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  • Generation: 1994-2004 SN95 Mustang

Fourth Generation Mustang (1994 - 2004)

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Todd’s 2003 SVT Cobra Makes 513 RWHP

Todd Sidener from Steeleville, Illinois, proudly owns this 2003 SVT Read More

Clay’s 2003 Ford Cobra Is One Clean Machine

With everything combined, Vickery’s 2003 Ford Cobra makes around 480 Read More

John’s ProCharged 2004 Mach 1

Florida man John Lazor purchased his 2004 Mach 1 back in 2010 with Read More

Kurtis Forsberg’s Aztec Gold SN95 Mustang GT was Built to Be a 7-Second True Street Contender!

Check out Kurtis Forsberg’s 7-second 1997 Mustang GT! Read More

The quickest and fastest 4.6L-powered Terminator on the planet...and probably the cleanest too

Jack Sucilsky’s 8.5 Riding 2003 Terminator! Read More

All-Original Zinc Yellow Mustang GT Premium

After searching for a completely original Zinc Yellow Mustang GT for Read More

Anthony Heard continues the stick-shift legacy with his 8-second 1999 Mustang GT

Anthony Heard’s 8-second 1999 New Edge Mustang GT Read More

Clean Red 2004 Mach 1

Faithful Muscle Mustangs & Fast Fords reader Paul Prather of Spokane, Read More

Supercharged 1995 Mustang GT ’Vert Makes 511 RWHP

Canadian Shane Sweeney, who hails from just outside Toronto, Ontario, Read More

A Beautiful 2003 SVT Cobra ’Vert Capable of 855 RWHP

Houstonian Zach Penn is the owner of this gorgeous Zinc Yellow 2003 Read More

2001 New Edge Bullitt Makes Mustang No. Five

Brandon Heuter of Highland, Illinois, owns this 2001 Bullitt Mustang Read More

Disabled Veteran’s 2003 SVT Cobra Makes 824 HP

Joey Penfold, a 43-year-old disabled veteran from Miramar Beach, Read More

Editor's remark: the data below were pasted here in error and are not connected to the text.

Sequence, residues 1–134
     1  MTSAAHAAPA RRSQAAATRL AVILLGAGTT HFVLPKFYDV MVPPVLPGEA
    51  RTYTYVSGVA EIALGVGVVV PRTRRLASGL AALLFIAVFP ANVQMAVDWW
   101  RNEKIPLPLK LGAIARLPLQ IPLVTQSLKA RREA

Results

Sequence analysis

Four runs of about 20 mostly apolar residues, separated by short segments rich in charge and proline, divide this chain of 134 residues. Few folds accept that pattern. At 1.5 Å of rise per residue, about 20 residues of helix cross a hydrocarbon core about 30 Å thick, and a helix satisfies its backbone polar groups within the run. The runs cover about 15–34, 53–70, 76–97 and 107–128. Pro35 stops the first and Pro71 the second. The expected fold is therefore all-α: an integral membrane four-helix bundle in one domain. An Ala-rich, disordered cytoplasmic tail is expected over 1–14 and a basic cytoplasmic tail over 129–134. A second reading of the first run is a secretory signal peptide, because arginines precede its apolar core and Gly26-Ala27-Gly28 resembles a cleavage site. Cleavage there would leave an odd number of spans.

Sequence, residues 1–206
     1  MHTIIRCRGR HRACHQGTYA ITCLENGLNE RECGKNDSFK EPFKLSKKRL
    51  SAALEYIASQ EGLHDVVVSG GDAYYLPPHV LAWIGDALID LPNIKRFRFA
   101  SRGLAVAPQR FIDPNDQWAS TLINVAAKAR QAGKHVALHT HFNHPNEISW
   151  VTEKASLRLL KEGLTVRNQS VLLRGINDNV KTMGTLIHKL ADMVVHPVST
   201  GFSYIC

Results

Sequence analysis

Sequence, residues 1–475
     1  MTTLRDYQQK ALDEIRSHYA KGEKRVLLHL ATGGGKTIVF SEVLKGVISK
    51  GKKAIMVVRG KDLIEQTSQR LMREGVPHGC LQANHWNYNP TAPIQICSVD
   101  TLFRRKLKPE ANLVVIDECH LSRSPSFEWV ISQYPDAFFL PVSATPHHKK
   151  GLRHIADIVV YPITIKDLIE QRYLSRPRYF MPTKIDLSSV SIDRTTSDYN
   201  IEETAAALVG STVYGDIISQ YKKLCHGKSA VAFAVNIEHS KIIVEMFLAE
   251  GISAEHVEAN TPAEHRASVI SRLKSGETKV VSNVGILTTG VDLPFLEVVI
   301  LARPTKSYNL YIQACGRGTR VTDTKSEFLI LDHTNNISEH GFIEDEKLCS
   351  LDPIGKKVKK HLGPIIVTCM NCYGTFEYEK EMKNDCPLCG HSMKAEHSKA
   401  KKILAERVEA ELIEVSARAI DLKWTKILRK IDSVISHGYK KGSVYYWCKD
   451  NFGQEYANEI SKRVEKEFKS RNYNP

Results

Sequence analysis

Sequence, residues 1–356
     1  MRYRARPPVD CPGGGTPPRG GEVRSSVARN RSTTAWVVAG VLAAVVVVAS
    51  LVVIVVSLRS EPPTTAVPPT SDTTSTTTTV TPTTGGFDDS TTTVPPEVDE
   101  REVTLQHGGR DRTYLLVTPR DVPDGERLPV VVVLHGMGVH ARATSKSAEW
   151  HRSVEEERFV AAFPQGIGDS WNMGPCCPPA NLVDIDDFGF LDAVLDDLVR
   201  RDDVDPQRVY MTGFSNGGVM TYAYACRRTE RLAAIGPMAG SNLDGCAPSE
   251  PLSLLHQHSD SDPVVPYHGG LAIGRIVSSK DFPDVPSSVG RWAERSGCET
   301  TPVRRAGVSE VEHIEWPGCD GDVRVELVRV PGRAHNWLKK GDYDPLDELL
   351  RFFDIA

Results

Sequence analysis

Two Powerful Mustangs—10th Anni 2003 Cobra & 2013 Shelby GT500

Dustin Stevens has two powerful msutangs at his fingertips, a Read More

35th-Anniversary 1999 Mustang GT Rides on Air

Brandon Luther from Hammond, Louisiana, bought his Metallic Silver Read More

Blue Oval Family Fun: 2001 and 2017 Mustang GTs

Sibling readers share their 2001 and 2017 Mustang GTs. Read More


By 1994, the Mustang had been in production for 30 years, and Ford had the formula dialed in. Following on the footsteps of the venerable Fox-body (1979-93), Ford introduced the Fox-4 "SN-95" chassis in 1994, with it a larger, slightly heavier, and more rounded body design.

The styling was received well, as this design was packed with many "classic" Mustang cues. The '94 model brought a totally new look, as well as new technology and enhancements in safety and performance.

SN-95 Mustangs would benefit from anti-lock brakes, five-lug axles, the addition of a front, passenger-side air bag, and an improved chassis with greater rigidity. Additionally, Ford tweaked the suspension for improved road feel and handling.